Assignment 1 is worth 20% of your overall mark in the unit. It is to be submitted in two parts (each worth 10%).  Part I, covering Weeks 2-6, is to be handed in on 22 August, and Part 2, covering Weeks 6-11, on 26 September. 

      Weighting : 20% (comprising 10% each for Part 1 and Part 2)

      Criteria for assessment :

      Due date : Part I, covering Weeks 2-6, is to be handed in on 22 August, and Part 2, covering Weeks 6-11, on 26 September.

    • Assignment Task

      Title : Assignment 2: Research paper

      Description :

      Assignment 2 requires you to study in depth one topic of interest within the field of information/IT strategy and governance, and to present your findings as a research paper/ research essay. Details of this assignment and its assessment criteria are provided in a separate handout.

      Weighting : 30%

      Criteria for assessment :

      Due date : Friday, 12 September


    • Examination

      Weighting : 50%

      Length : 3 hours

      Type ( open/closed book ) : Closed book

    Assignment submission

    For on campus students, assignments are to be submitted by paper submission by the due date. You may either hand your assignment to your tutor during tutorials, or place it in your tutor's pigeonhole/mailbox.

    Off campus students may either submit their assignments via the Blackboard submission facility, or post or email them to their tutor so that they are received by the due date.

    All students must ensure that the assignment cover sheet is correctly filled out/ signed and attached to the front of their assignment. 

    either in tutorials, on the specified date, with the appropriate cover sheet correctly filled out and attached.

    Assignment coversheets

    The relevant coversheet can be downloaded from:


    University and Faculty policy on assessment

    Due dates and extensions

    The due dates for the submission of assignments are given in the previous section. Please make every effort to submit work by the due dates. It is your responsibility to structure your study program around assignment deadlines, family, work and other commitments. Factors such as normal work pressures, vacations, etc. are seldom regarded as appropriate reasons for granting extensions. Students are advised to NOT assume that granting of an extension is a matter of course.

    Requests for extensions must be made to the unit lecturer at least two days before the due date.  You will be asked to provide an original medical certificate in the case of illness, and may be asked for other forms of documentation where necessary. A copy of the email or other written communication of an extension must be attached to the assignment submission.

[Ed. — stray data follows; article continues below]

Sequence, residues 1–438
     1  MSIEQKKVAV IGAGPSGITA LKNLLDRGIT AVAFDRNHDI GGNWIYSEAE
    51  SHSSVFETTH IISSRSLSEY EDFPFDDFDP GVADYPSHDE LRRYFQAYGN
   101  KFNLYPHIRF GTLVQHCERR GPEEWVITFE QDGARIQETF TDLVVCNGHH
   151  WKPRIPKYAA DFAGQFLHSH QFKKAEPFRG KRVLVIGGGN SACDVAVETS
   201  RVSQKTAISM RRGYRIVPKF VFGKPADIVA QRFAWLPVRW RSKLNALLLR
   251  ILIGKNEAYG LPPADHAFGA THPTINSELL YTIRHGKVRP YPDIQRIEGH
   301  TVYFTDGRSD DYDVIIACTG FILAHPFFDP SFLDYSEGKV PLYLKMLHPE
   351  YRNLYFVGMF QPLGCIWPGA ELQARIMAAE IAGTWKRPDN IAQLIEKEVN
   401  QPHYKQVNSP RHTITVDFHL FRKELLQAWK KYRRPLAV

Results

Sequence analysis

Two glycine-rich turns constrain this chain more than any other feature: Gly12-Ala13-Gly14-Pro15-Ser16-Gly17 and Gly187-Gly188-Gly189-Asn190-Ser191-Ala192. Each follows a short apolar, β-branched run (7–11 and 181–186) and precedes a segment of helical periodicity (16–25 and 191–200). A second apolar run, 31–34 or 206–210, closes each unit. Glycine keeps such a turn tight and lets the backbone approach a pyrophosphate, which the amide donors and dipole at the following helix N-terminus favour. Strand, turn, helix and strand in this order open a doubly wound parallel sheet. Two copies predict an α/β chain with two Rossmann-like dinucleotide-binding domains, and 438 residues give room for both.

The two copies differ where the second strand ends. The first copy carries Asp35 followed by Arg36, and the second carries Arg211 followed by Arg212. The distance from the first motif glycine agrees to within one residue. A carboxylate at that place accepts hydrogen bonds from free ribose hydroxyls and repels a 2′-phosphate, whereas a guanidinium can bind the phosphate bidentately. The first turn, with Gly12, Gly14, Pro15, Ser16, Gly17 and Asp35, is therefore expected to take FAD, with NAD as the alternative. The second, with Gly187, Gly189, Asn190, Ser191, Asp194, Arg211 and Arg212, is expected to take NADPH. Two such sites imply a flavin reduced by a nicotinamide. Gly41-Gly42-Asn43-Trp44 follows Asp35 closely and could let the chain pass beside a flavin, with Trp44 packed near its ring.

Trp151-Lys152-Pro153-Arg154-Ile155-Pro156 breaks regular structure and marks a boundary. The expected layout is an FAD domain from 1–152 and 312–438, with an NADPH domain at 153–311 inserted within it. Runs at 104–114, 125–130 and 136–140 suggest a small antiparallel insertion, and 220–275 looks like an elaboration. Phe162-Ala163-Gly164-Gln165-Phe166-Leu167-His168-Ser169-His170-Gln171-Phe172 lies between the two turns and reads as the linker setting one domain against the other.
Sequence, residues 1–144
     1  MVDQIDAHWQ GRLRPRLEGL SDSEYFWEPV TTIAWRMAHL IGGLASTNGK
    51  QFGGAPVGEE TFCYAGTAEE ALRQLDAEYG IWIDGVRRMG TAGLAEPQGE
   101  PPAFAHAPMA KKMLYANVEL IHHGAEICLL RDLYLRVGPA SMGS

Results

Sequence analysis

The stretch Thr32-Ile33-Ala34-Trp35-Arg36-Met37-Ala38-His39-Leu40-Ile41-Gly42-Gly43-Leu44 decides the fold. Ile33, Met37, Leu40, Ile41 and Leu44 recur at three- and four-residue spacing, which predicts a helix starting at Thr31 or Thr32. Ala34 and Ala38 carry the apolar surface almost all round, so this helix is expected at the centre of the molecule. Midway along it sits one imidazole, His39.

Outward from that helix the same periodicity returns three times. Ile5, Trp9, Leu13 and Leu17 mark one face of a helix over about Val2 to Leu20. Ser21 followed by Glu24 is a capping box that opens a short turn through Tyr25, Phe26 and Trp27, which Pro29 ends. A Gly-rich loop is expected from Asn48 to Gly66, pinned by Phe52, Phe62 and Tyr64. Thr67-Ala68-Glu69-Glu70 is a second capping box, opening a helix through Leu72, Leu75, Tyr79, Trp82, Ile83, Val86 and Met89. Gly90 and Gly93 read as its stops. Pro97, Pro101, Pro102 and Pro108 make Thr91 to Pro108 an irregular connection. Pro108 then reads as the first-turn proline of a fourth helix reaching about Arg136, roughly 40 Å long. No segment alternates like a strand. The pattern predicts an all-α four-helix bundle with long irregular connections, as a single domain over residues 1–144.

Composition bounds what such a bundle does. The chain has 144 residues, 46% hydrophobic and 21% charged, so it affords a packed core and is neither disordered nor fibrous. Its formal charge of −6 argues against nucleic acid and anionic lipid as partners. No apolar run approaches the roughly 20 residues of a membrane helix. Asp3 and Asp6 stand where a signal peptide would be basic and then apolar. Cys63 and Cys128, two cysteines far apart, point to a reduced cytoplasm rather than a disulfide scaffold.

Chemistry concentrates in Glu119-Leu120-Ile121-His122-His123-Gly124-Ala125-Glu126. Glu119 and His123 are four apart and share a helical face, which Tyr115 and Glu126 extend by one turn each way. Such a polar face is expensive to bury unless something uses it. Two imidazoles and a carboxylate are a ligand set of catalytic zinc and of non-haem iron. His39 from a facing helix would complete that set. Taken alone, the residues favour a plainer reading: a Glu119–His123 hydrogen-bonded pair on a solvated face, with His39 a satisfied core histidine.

Late assignment

    Assignments received after the due date, without a prior approved extension, will be subject to a penalty of 20% of possible marks per week overdue. 

    Return dates

    Students can expect assignments to be returned within two weeks of the submission date or after receipt, whichever is later.

    Assessment for the unit as a whole is in accordance with the provisions of the Monash University Education Policy at http://www.policy.monash.edu/policy-bank/academic/education/assessment/

    Assignments will be returned in tutorials for on campus students. If you will not be attending a tutorial, please contact your tutor to make other arrangements for assignment return.

    For off campus students, assignments will either be posted back or marked within the MUSO/Blackboard environment. 

    Plagiarism, cheating and collusion

    Plagiarism and cheating are regarded as very serious offences. In cases where cheating  has been confirmed, students have been severely penalised, from losing all marks for an assignment, to facing disciplinary action at the Faculty level. While we would wish that all our students adhere to sound ethical conduct and honesty, I will ask you to acquaint yourself with Student Rights and Responsibilities (http://www.infotech.monash.edu.au/about/committees-groups/facboard/policies/studrights.html) and the Faculty regulations that apply to students detected cheating as these will be applied in all detected cases.